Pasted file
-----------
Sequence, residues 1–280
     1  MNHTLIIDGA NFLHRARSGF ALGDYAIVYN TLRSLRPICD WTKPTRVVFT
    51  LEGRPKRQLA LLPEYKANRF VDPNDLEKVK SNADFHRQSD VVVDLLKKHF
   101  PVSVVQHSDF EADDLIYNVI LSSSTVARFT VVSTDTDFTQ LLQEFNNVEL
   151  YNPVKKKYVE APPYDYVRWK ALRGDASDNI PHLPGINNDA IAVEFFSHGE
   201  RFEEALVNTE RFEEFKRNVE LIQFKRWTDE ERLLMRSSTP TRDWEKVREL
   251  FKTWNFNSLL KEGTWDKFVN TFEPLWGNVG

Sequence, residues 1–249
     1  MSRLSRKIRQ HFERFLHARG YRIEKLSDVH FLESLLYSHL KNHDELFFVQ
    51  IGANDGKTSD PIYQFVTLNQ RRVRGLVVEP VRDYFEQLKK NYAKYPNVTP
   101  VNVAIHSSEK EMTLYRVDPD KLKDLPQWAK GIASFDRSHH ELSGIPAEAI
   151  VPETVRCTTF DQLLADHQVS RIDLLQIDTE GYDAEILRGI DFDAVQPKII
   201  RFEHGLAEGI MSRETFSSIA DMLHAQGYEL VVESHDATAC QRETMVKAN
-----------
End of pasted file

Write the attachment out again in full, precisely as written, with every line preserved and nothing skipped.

Sequence, residues 1–280
     1  MNHTLIIDGA NFLHRARSGF ALGDYAIVYN TLRSLRPICD WTKPTRVVFT
    51  LEGRPKRQLA LLPEYKANRF VDPNDLEKVK SNADFHRQSD VVVDLLKKHF
   101  PVSVVQHSDF EADDLIYNVI LSSSTVARFT VVSTDTDFTQ LLQEFNNVEL
   151  YNPVKKKYVE APPYDYVRWK ALRGDASDNI PHLPGINNDA IAVEFFSHGE
   201  RFEEALVNTE RFEEFKRNVE LIQFKRWTDE ERLLMRSSTP TRDWEKVREL
   251  FKTWNFNSLL KEGTWDKFVN TFEPLWGNVG

Sequence, residues 1–249
     1  MSRLSRKIRQ HFERFLHARG YRIEKLSDVH FLESLLYSHL KNHDELFFVQ
    51  IGANDGKTSD PIYQFVTLNQ RRVRGLVVEP VRDYFEQLKK NYAKYPNVTP
   101  VNVAIHSSEK EMTLYRVDPD KLKDLPQWAK GIASFDRSHH ELSGIPAEAI
   151  VPETVRCTTF DQLLADHQVS RIDLLQIDTE GYDAEILRGI DFDAVQPKII
   201  RFEHGLAEGI MSRETFSSIA DMLHAQGYEL VVESHDATAC QRETMVKAN